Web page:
Bob Dylan, who turns 75 today, may well be the voice of his generation. If Chuck Klosterman is to be believed, Dylan might even be the face of rock music in centuries to come. What cannot be denied, however, is that Dylan’s distinctive songwriting, singing, and playing have inspired scores of imitations and parodies, ranging from flattering to scathing, over the course of the last half century. The spoofs started pretty early in Dylan’s career, too. In 1965, for instance, a young and highly skeptical Paul Simon penned an unkind Dylan parody called “A Simple Desultory Philippic” that first appeared on his obscure solo debut before resurfacing on a 1966 Simon And Garfunkel LP called Parsley, Sage, Rosemary And Thyme. The record makes an attempt to imitate both the arrangement and lyrical content of a typical Dylan song, including numerous references to pop-culture and political events of the day.
The very next year, a comedy troupe called The Hardly Worthit Players, who had scored a major hit with a version of “Wild Thing” sung in the style of Sen. Robert Kennedy, recorded a version of “White Christmas” credited to the pseudonymous character “Bobby The Poet,” a Dylan stand-in. The idea here is that Sen. Kennedy has summoned Dylan to the recording studio to record a campaign song that will appeal to college students. The stubborn singer responds with his own raspy, folk-rock take on the familiar Christmas tune, much to Kennedy’s consternation. “He refuses to compromise, Senator,” says an apologetic underling.
Dylan remained a target for satirists in the ’70s. A pre-SNL, pre-Spinal Tap Christopher Guest perfected his nasally, whining Dylan impression, a skill he got to use as a regular on such National Lampoon-branded projects as Lemmings and The National Lampoon Radio Hour. A typical example of Guest’s Dylan-based humor is an ad for a nonexistent compilation album called Those Fabulous Sixties. In this sketch, the spiritual leader of the counterculture has been reduced to a common pitchman. At the time, the real Dylan had not actually done any commercials. That would change in decades to come.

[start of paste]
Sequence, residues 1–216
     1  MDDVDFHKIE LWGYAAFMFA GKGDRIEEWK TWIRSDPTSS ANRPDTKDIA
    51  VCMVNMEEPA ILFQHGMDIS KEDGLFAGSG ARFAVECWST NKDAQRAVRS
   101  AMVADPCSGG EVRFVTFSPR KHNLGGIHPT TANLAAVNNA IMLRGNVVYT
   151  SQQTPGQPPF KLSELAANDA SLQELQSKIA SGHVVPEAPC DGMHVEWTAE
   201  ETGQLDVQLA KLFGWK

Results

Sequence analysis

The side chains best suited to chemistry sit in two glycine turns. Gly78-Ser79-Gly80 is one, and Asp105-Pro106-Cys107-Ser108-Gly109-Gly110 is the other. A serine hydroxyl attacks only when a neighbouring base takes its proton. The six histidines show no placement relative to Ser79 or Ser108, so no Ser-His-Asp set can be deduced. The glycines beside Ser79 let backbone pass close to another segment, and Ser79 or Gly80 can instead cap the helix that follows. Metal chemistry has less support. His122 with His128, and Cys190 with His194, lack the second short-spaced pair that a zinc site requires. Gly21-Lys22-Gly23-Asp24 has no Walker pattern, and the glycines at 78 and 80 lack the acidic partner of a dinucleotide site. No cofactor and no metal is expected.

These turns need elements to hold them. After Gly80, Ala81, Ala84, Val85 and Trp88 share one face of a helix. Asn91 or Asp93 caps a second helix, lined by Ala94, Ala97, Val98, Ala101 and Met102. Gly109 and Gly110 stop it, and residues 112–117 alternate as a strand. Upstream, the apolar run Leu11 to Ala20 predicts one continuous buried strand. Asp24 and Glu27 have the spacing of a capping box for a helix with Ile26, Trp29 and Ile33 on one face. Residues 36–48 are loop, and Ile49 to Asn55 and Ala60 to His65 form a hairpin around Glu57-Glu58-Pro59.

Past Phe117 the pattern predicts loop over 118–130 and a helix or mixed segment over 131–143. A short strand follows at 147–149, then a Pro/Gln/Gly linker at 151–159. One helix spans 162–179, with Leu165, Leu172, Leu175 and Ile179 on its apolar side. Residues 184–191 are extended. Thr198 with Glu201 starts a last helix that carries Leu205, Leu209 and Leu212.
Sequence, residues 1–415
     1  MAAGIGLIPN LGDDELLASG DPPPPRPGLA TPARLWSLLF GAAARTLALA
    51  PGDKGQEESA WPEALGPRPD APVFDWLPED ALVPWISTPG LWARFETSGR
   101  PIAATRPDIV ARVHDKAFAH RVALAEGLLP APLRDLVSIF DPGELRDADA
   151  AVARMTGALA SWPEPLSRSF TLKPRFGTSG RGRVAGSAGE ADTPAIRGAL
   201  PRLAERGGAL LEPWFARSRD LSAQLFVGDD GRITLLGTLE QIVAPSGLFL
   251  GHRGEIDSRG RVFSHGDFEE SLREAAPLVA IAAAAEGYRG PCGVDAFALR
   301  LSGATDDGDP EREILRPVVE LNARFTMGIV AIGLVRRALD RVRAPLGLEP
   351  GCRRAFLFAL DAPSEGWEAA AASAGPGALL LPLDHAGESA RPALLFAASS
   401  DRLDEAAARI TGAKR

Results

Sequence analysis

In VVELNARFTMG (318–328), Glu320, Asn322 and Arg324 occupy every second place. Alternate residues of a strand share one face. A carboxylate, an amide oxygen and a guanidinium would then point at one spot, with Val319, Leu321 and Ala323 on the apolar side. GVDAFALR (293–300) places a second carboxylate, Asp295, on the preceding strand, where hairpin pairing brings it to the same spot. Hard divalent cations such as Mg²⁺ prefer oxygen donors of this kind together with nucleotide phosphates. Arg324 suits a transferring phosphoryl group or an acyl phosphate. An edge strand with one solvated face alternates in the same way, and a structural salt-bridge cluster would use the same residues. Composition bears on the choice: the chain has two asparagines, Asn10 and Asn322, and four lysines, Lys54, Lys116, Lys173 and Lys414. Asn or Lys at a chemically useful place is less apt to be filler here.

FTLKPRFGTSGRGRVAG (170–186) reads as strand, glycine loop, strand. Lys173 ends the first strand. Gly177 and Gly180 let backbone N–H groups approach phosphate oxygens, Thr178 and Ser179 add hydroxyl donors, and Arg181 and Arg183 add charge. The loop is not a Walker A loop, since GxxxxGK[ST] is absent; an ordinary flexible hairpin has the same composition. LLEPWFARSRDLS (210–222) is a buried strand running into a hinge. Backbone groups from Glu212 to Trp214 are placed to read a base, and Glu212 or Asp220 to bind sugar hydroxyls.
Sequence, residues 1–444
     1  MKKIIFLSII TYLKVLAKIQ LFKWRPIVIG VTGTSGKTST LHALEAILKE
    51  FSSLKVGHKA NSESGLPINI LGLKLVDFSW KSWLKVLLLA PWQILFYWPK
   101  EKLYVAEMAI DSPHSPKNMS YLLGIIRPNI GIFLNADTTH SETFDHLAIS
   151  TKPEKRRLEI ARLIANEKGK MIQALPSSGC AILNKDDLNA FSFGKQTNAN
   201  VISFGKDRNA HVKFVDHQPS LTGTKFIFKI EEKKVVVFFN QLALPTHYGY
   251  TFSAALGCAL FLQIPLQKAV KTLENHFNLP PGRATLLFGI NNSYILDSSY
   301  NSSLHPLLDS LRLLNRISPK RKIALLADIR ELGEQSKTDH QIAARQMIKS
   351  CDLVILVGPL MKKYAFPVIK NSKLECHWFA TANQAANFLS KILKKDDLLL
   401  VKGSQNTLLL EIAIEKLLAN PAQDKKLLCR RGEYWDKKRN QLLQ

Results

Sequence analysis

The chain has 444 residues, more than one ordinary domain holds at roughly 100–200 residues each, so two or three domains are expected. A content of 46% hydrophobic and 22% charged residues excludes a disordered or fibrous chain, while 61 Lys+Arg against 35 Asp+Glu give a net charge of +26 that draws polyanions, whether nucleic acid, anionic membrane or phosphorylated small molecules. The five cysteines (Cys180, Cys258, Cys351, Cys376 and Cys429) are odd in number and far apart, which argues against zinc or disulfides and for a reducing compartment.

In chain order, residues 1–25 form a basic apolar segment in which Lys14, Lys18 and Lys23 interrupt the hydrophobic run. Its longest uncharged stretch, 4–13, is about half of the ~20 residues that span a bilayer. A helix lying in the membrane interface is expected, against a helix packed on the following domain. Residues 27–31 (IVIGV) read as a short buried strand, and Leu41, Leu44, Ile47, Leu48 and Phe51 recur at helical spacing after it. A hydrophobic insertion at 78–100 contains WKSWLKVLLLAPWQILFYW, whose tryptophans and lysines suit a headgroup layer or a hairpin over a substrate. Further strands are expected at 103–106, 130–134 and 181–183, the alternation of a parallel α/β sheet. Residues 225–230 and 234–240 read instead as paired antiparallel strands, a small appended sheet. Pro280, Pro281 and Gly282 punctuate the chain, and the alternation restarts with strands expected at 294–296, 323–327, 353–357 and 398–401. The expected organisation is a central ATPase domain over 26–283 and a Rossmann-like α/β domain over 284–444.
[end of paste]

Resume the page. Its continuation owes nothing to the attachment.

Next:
By the ’80s, with the tumultuous days of the ’60s a distant memory, Dylan was largely reduced to a series of tropes in the popular imagination. A burnout from a previous era, he strummed an acoustic guitar and played an out-of-tune harmonica while singing impenetrable, perhaps meaningless lyrics. That’s a fun image to play with, and it serves as the basis for some highly enjoyable records. A great example is “Polka Dot Undies” from 1986 by the duo Bowser & Blue. In this pseudo-Dylan ditty, the singer always seems to be on the verge of talk-singing something obscene, but at the last second, he delivers some non sequitur that doesn’t rhyme or fit with the lyrics in any way.
Eventually, the king of pop music parodies, “Weird Al” Yankovic, had to do his own Dylan takeoff. It was inevitable. Surprisingly, it took him until 2003, when the track “Bob” appeared on the Poodle Hat album. This is very much in the Bowser & Blue tradition, imitating the sound of Dylan’s classic recordings and poking fun at his penchant for nonsensical lyrics. Here, the gimmick is that every line Yankovic sings is palindromic: “Lisa Bonet ate no basil / Warsaw was raw / Was it a car or a cat I saw?” The video for the song, meanwhile, is a close parody of the famous “Subterranean Homesick Blues” sequence from Don’t Look Back.
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